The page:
Technetium Tc99m sestamibi accumulates in thyroid and in parathyroid tissue within minutes after intravenous administration. However, what makes this tracer especially useful for parathyroid imaging is its much faster release from thyroid than from parathyroid tissue. The uptake and clearance mechanisms of MIBI in abnormal parathyroid tissue are still largely unknown. The localization of MIBI in parathyroid tissue is partly due to blood flow and gland size. This mechanism alone, however, fails to explain the nonvisualization of some large adenomas and occasional detection of very small adenomas or hyperplastic glands.17- 19
A second mechanism proposed for MIBI localization is related to the cellular mitochondrial content. Hetrakul et al20 showed that 92% of MIBI retention in human parathyroid adenomas and hyperplastic glands was in the mitochondria and that MIBI retention in the cells was a function of mitochondrial activity. Melloul et al9 found a high correlation between MIBI uptake ratio of parathyroid lesions and their content of oxyphil cells, which are known to be rich in mitochondria. However, this suggestion could not be substantiated in other studies.17,21,22 Recent in vitro and in vivo tumor studies have indicated that MIBI, which is a lipophilic cationic agent, is a suitable transport substrate for Pgp.23,24 P-glycoprotein belongs to a superfamily of adenosine triphosphate–binding transporters; recently a new member of this family called multidrug resistance–associated protein has been cloned. If Pgp mediates drug transport, there should be a connection between Pgp expression and enhanced washout of MIBI from the parathyroid tissue. Reports in the literature regarding the association of Pgp and MIBI uptake/clearance have been conflicting.17,19,25- 27 The discrepancy between these studies may reflect different methodology used in the interpretation of the images and the histopathological findings. Most studies lack quantitative data for uptake and clearance of MIBI. Other studies offer quantitative information based solely on gamma camera imaging. Image-based quantitation alone might be problematic in the presence of nodular thyroid disease. The unique aspect of our study is that the analysis of all major biological factors held responsible in MIBI parathyroid kinetics (both uptake and washout components) used quantitative data from dynamic scintigraphy as well as intraoperative gamma probe measurements. The immunohistochemical technique for evaluation of Pgp expression included the JSB-1 antibody, which has specificity for an internal epitope of Pgp, and a standardized semiquantitative scoring system.10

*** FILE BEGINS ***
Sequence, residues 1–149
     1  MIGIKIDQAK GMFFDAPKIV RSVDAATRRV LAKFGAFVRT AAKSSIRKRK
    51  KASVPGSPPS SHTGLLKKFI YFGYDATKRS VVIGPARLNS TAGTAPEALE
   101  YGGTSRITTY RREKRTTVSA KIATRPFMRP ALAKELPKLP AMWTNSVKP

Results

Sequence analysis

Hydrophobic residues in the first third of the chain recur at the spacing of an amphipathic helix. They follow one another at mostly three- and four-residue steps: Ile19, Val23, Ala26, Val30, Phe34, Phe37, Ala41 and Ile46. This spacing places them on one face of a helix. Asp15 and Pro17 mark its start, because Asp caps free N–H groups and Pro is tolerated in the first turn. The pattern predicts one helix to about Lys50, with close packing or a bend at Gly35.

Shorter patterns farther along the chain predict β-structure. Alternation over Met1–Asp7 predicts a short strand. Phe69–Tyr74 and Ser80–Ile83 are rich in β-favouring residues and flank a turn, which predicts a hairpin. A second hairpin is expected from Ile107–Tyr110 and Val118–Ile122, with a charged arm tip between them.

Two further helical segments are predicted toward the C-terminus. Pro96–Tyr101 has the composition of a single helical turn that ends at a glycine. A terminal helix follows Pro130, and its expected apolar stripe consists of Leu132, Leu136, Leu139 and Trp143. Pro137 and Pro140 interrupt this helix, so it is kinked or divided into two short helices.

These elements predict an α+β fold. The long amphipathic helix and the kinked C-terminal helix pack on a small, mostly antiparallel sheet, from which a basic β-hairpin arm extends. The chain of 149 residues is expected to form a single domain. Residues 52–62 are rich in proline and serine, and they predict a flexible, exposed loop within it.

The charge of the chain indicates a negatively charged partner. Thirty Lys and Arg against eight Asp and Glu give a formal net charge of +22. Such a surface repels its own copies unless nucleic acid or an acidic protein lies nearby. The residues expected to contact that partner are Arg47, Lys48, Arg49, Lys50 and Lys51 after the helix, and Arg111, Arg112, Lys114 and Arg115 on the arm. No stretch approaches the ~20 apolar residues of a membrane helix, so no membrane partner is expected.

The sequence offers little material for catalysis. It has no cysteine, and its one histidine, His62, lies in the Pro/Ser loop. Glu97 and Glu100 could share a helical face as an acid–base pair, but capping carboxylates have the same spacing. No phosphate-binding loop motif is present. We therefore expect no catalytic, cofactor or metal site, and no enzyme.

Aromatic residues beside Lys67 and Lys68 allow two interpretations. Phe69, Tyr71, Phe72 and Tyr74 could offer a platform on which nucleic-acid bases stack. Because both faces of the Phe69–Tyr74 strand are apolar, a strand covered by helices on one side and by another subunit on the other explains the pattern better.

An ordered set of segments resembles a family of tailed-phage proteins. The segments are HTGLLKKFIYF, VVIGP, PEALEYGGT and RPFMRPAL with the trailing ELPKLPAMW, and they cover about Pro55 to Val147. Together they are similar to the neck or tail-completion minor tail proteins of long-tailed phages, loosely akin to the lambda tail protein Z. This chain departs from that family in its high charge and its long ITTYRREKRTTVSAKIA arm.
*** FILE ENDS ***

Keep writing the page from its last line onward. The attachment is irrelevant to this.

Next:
We found no significant correlation between MIBI uptake in parathyroid glands and oxyphil cell content or Pgp expression, but we found a high correlation with gland size and PTH levels. The dynamic image analysis revealed a significant correlation between the rate of MIBI washout from abnormal parathyroid glands and Pgp expression. This relation might be due to an up-regulation of the Pgp system, which normally acts as an out-fluxcarrier molecule for MIBI in the parathyroid tissue.18We have previously shown that an optimal lesion-background ratio is essential for the success of gamma probe–guided parathyroidectomy, and this ratio is highly variable among patients.28 In the present study, a case with high Pgp expression rapid MIBI washout was associated with a very short (30-minute) optimal time to surgery (time to URmax), which ultimately will affect the success of gamma probe–guided parathyroidectomy. The functional state of the Pgp system might affect the optimal timing of surgery after MIBI injection.